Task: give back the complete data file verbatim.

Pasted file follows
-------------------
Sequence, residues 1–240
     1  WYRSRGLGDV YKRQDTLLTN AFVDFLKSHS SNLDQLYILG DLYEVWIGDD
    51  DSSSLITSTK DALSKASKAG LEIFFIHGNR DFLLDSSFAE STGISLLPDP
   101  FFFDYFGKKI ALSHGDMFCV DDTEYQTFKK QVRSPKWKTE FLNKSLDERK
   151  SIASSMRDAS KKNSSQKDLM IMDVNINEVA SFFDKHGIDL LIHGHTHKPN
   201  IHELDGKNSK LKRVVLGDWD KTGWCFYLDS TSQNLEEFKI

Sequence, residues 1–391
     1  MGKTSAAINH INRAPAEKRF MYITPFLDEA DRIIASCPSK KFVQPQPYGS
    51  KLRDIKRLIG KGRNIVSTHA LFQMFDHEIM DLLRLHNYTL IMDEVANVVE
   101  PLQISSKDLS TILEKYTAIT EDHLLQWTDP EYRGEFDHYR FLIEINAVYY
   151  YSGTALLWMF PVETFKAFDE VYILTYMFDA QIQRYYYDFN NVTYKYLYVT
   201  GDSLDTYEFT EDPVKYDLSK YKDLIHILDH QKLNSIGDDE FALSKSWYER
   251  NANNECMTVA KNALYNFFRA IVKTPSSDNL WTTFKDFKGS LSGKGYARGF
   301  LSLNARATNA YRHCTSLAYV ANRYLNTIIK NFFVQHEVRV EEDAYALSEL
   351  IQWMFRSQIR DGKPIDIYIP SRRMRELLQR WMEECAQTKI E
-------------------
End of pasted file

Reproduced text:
Sequence, residues 1–240
     1  WYRSRGLGDV YKRQDTLLTN AFVDFLKSHS SNLDQLYILG DLYEVWIGDD
    51  DSSSLITSTK DALSKASKAG LEIFFIHGNR DFLLDSSFAE STGISLLPDP
   101  FFFDYFGKKI ALSHGDMFCV DDTEYQTFKK QVRSPKWKTE FLNKSLDERK
   151  SIASSMRDAS KKNSSQKDLM IMDVNINEVA SFFDKHGIDL LIHGHTHKPN
   201  IHELDGKNSK LKRVVLGDWD KTGWCFYLDS TSQNLEEFKI

Sequence, residues 1–391
     1  MGKTSAAINH INRAPAEKRF MYITPFLDEA DRIIASCPSK KFVQPQPYGS
    51  KLRDIKRLIG KGRNIVSTHA LFQMFDHEIM DLLRLHNYTL IMDEVANVVE
   101  PLQISSKDLS TILEKYTAIT EDHLLQWTDP EYRGEFDHYR FLIEINAVYY
   151  YSGTALLWMF PVETFKAFDE VYILTYMFDA QIQRYYYDFN NVTYKYLYVT
   201  GDSLDTYEFT EDPVKYDLSK YKDLIHILDH QKLNSIGDDE FALSKSWYER
   251  NANNECMTVA KNALYNFFRA IVKTPSSDNL WTTFKDFKGS LSGKGYARGF
   301  LSLNARATNA YRHCTSLAYV ANRYLNTIIK NFFVQHEVRV EEDAYALSEL
   351  IQWMFRSQIR DGKPIDIYIP SRRMRELLQR WMEECAQTKI E